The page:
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Mainor, Benson & Albano Measures to Impose Penalties for Crimes against Guide Dogs, "Dusty's Law"; to Revise Victim's Bills of Rights Advance
(TRENTON) - The Assembly Law and Public Safety Committee on Thursday released two measures sponsored by Assembly Democrats Charles Mainor, Daniel R. Benson and Nelson Albano that would bolster protections of service animals and provide greater support to the victims of a crime.
The first bill (A-4105) establishes criminal penalties for recklessly killing, injuring; or interfering with a guide dog. The bill is known as "Dusty's Law." Dusty, a dog being trained by the Seeing Eye Organization, was attacked by a pit bull while working with his trainer in Woodcliff Lake in 2010. Due to his injuries, he can no longer function as a guide dog.
"Unfortunately, attacks on guide dogs very similar to the one on Dusty are relatively common and statutes pertaining to these crimes are long overdue," said Mainor (D-Hudson). "Guide dogs provide many residents with disabilities the opportunity to live an independent life. Any crime against these companions is cowardly, malicious and their victimization hurts the owner equally as much."
"Guide dogs dutifully serve and protect their owner," said Benson (D- Mercer and Middlesex). "They are life companions that help to instill confidence and dignity in the owner by helping them to complete daily tasks. Criminalizing reckless acts against service dogs would hold the perpetrator accountable for their action and the care of the animal if injuries are sustained."
Specifically, the bill would make it a crime of the fourth degree for a person to recklessly kill a guide dog, or to recklessly permit a dog that he or she owns or has immediate control over to kill a guide dog. A person who recklessly injures a guide dog, or recklessly permits a dog that he or she owns or has immediate control over to injure a guide dog would be a disorderly person under the bill. Finally, a person who recklessly interferes with the use of a guide dog, by obstructing, intimidating or otherwise jeopardizing the safety of the guide dog or its handler would be guilty if a petty disorderly persons offense.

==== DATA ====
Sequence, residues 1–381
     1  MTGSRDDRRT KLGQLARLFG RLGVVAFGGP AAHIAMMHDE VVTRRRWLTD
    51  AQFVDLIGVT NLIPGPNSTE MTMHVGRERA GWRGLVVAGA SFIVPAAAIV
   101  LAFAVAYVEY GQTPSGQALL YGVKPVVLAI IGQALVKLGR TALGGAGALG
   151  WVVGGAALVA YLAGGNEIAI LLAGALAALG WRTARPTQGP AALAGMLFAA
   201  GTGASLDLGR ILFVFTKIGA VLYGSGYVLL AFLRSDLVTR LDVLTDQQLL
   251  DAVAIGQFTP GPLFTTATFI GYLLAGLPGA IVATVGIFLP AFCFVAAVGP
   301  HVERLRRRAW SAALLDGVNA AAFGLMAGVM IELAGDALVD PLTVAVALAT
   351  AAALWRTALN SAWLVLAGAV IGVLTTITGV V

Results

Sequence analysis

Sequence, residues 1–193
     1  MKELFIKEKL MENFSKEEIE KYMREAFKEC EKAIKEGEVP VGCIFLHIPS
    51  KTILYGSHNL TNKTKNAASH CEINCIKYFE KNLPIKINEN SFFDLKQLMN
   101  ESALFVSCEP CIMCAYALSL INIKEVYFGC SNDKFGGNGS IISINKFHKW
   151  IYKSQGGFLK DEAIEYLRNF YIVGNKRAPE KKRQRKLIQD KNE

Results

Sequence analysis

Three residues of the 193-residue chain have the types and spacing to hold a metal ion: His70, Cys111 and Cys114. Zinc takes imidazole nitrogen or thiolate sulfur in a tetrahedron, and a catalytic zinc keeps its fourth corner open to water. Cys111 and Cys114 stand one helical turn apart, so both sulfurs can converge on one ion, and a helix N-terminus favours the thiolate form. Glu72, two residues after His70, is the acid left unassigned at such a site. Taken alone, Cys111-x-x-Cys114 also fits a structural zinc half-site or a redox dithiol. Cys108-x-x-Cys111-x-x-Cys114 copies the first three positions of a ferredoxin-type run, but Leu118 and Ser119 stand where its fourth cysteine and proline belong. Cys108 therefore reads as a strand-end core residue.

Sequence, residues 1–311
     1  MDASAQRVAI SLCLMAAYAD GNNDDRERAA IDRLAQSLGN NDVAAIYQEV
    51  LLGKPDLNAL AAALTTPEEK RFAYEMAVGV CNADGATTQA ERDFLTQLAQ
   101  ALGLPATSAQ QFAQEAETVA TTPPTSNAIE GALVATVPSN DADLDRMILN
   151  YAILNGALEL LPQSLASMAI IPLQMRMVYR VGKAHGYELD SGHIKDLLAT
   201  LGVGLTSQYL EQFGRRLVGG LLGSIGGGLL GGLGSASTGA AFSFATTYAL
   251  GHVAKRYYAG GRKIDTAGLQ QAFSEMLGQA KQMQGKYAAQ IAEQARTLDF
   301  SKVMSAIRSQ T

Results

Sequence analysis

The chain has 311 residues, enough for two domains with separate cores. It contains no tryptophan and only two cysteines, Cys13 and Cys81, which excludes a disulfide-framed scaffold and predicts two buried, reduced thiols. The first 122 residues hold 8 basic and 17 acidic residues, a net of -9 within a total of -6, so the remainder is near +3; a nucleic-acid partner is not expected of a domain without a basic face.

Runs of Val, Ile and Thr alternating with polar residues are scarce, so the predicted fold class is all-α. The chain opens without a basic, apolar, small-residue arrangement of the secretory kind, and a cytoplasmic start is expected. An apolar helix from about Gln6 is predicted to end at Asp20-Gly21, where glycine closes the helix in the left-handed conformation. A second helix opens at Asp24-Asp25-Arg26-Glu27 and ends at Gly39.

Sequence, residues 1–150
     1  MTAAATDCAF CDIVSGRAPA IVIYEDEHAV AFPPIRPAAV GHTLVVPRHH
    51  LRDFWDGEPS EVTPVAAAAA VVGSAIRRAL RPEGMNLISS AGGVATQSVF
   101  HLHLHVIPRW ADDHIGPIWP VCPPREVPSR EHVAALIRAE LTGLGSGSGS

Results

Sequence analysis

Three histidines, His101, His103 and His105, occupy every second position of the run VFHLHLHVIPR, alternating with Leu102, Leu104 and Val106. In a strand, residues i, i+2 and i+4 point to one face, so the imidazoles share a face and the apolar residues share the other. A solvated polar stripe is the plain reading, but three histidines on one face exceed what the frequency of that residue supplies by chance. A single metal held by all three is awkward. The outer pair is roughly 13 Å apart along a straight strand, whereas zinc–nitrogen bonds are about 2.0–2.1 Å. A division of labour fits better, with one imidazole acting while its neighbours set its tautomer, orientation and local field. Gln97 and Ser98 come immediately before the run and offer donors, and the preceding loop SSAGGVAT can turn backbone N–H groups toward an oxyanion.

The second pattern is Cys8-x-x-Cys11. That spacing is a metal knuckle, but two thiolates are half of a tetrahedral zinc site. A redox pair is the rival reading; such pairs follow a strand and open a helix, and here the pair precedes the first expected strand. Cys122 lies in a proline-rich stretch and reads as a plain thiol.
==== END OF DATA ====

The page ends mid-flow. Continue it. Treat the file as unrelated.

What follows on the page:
The second bill (A-4276) revise the New Jersey Crime Victim's Bill of Rights to provide the victim with the right to the use of a service animal if one is deemed necessary, as result of a crime.
"Survivors of a crime may need support in overcoming trauma or with a temporary disability suffered as a result of the experience," said Albano (D-Cape May, Atlantic and Cumberland). "Service animals would provide invaluable support to a victim working to regain a sense of normalcy in their lives. Whether it is an impermanent loss of vision, or fear, this legislation would allow victims to enlist a guide dog to help them while they get better."
The bill defines a "guide dog" as a dog, or dog in training, which (1) has been or is being raised or trained by a volunteer puppy raiser or staff member of an organization generally recognized as being involved in the rehabilitation of the blind or deaf and reputable and competent to provide dogs with specialized training; or (2) is fitted with a special harness so as to be suitable as an aid to the mobility of a blind person.
In the bill, a service animal is defined by the Federal American with Disabilities Act any dog that is individually trained to do work or perform tasks for the benefit of an individual with a disability, including a physical, sensory, psychiatric, intellectual, or other mental disability.
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